Side shoulder raise & overhead press. This movement combines two exercises. Start with 5lb dumbbells. With a dumbbell in each hand, sit on a chair with your back straight and your feet flat on the floor. Slowly raise the weight away form both of your sides, taking three seconds to move them the first inch and seven seconds to raise them until they’re parallel to the floor. Pause at the top for a few seconds, and then slowly lower the weights.
Without resting, move to the second phase of the exercise. Elbows bent, hold the weight at shoulder heights, then slowly raise them overhead, taking three seconds to move them the first inch and seven seconds to go all the way up. Pause for a second, then gradually lower the weights until they’re back at shoulder height. Do not lock your elbows at the top. Let your muscles support the weights.
Single-arm back pull-ups. You will need a stool or chair and a 6-8lb dumbbell. Hold the dumbbell in your right hand…then face the stool with your left leg forward…and support yourself with your left hand on the stool. Let your right arm hang beside the stool.
Slowly pull up the dumbbell back and upward, taking three seconds to raise it all the way. Your right elbow will be facing up and behind you. Pause at the top, squeeze the arm and back muscles for a few seconds, then lower the weight back down. Don’t let your arm hang down at the end of the movement. Keep tension on the muscles at all times. Repeat with the other arm.
Bicep curls. Sit on a stool or straight back chair with a five pound dumbbell in each hand. Tuck your elbows into your sides, and keep them there throughout the exercise. The only thing that should move is your lower arm. Curl the dumbbells towards your shoulders, taking just three seconds to move them the first inch and seven seconds to curl them all the way. Squeeze the muscles in the forearms and supper arms for a few seconds at the top of the movement, and then slowly lower the weights back down.
Abdominal crunches. Lie on your back with your feet flat on the floor and your knees bent at a 90 degree angle. Hold your arms straight in front of your and keep your chin tucked into your chest. Curl your torso upward and forward, taking three seconds to move the first inch and seven seconds to move forward. Do not try to sit all the way up. Keep your lower back in contact with the towel. Pause and squeeze abdominal mucles at the top of the movement, then slowly lower your torso down. Don’t rest your shoulders on the floor at the end. As soon as they brush the floor, repeat the exercise.
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Fact: To lose weight, you need to use more calories than you eat. It is possible to eat any kind of food you want and lose weight. You need to limit the number of calories you eat every day and/or increase your daily physical activity. Portion control is the key. Try eating smaller amounts of food and choosing foods that are low in calories.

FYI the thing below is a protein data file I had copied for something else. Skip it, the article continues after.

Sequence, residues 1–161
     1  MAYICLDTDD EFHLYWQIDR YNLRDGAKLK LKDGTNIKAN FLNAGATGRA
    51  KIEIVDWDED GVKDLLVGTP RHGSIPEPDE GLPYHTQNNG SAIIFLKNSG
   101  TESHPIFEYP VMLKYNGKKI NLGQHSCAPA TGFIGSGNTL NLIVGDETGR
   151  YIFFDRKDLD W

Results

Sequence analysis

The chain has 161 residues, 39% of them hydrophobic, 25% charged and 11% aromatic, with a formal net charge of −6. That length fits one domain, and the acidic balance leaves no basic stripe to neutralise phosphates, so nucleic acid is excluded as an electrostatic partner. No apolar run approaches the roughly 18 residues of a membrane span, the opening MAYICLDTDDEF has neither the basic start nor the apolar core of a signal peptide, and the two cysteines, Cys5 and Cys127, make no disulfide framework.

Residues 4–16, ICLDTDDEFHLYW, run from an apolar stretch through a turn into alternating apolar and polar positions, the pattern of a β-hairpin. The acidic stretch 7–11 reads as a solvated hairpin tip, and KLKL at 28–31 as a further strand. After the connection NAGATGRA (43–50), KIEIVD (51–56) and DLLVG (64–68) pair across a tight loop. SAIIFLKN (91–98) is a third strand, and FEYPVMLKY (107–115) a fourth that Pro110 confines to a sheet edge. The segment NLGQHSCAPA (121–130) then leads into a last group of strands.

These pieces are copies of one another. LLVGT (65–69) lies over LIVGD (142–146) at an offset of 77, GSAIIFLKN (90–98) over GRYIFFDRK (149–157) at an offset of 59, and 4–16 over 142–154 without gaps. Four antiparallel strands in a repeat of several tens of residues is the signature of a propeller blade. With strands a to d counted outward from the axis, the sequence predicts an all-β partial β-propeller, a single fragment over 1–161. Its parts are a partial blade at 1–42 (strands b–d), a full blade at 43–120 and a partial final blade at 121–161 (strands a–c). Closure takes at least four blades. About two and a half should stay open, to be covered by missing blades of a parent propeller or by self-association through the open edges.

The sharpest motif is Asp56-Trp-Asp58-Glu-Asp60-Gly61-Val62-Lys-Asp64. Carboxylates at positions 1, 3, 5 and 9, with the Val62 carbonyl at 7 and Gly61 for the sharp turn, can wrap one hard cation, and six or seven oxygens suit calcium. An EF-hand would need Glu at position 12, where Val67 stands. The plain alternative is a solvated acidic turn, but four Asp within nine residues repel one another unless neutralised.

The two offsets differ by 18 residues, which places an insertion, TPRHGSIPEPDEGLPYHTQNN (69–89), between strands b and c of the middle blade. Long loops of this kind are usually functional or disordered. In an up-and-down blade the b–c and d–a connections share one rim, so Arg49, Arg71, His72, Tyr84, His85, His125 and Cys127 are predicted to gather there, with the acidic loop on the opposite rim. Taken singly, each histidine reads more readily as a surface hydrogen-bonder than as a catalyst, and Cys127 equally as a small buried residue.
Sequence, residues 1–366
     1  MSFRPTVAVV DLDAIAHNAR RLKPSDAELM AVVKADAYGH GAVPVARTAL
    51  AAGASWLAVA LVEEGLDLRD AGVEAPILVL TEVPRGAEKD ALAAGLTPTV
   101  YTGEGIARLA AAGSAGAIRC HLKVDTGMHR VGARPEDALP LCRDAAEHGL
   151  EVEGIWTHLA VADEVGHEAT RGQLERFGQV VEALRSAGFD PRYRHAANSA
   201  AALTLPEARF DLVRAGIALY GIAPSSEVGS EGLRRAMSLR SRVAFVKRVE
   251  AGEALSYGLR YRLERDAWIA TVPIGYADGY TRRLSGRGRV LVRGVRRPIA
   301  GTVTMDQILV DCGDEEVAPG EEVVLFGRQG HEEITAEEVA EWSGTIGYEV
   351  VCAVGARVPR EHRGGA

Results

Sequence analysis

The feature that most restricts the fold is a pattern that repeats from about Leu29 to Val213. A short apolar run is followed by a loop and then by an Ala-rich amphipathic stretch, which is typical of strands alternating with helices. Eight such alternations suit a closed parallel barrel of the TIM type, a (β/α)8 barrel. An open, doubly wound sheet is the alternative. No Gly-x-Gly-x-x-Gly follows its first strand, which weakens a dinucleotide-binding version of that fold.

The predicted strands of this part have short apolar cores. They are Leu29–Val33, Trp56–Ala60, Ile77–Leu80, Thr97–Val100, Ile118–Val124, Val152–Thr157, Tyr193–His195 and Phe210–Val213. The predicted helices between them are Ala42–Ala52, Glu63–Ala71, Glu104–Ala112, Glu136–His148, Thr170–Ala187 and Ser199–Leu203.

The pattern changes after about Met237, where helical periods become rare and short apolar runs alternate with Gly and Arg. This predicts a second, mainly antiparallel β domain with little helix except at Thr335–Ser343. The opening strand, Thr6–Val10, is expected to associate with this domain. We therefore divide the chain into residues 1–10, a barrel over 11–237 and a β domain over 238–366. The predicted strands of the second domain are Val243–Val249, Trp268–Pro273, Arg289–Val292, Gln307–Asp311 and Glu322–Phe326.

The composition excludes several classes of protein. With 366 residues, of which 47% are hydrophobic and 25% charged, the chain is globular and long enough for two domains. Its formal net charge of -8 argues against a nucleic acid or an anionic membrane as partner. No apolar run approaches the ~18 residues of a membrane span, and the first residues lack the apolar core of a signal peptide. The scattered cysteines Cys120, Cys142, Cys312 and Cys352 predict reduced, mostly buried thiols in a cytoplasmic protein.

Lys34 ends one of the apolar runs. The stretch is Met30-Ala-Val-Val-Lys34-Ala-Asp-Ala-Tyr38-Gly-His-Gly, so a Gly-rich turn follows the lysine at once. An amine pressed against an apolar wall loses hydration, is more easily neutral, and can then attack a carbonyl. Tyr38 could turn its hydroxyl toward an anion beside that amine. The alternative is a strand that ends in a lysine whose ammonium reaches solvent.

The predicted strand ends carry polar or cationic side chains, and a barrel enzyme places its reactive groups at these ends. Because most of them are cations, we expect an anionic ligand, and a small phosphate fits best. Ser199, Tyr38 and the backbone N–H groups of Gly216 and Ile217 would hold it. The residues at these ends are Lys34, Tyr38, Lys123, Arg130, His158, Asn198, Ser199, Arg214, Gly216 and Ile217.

Tip: When trying to lose weight, you can still eat your favorite foods—as long as you pay attention to the total number of calories that you eat.
Fact: A low-fat or fat-free food is often lower in calories than the same size portion of the full-fat product. But many processed low-fat or fat-free foods have just as many calories as the full-fat version of the same food—or even more calories. They may contain added sugar, flour, or starch thickeners to improve flavor and texture after fat is removed. These ingredients add calories.
Tip: Read the Nutrition Facts on a food package to find out how many calories are in a serving. Check the serving size too—it may be less than you are used to eating. For more information about reading food labels, visit the U.S. Food and Drug Administration online at www.cfsan.fda.gov/~dms/foodlab.html.
Fact: Fast foods can be part of a healthy weight-loss program with a little bit of know-how.
Tip: Avoid super size combo meals, or split one with a friend. Sip on water or fat-free milk instead of soda. Choose salads and grilled foods, like a grilled chicken breast sandwich or small hamburger. Try a “ fresco” taco (with salsa instead of cheese or sauce) at taco stands. Fried foods, like french fries and fried chicken, are high in fat and calories, so order them only once in a while, order a small portion, or split an order with a friend. Also, use only small amounts of high-fat, high-calorie toppings, like regular mayonnaise, salad dressings, bacon, and cheese.
Fact: Studies show that people who skip breakfast and eat fewer times during the day tend to be heavier than people who eat a healthy breakfast and eat four or five times a day. This may be because people who skip meals tend to feel hungrier later on, and eat more than they normally would. It may also be that eating many small meals throughout the day helps people control their appetites.
Tip: Eat small meals throughout the day that include a variety of healthy, low-fat, low-calorie foods.
Fact: It does not matter what time of day you eat. It is what and how much you eat and how much physical activity you do during the whole day that determines whether you gain, lose, or maintain your weight. No matter when you eat, your body will store extra calories as fat.
Tip: If you want to have a snack before bedtime, think first about how many calories you have eaten that day. And try to avoid snacking in front of the TV at night—it may be easier to overeat when you are distracted by the television.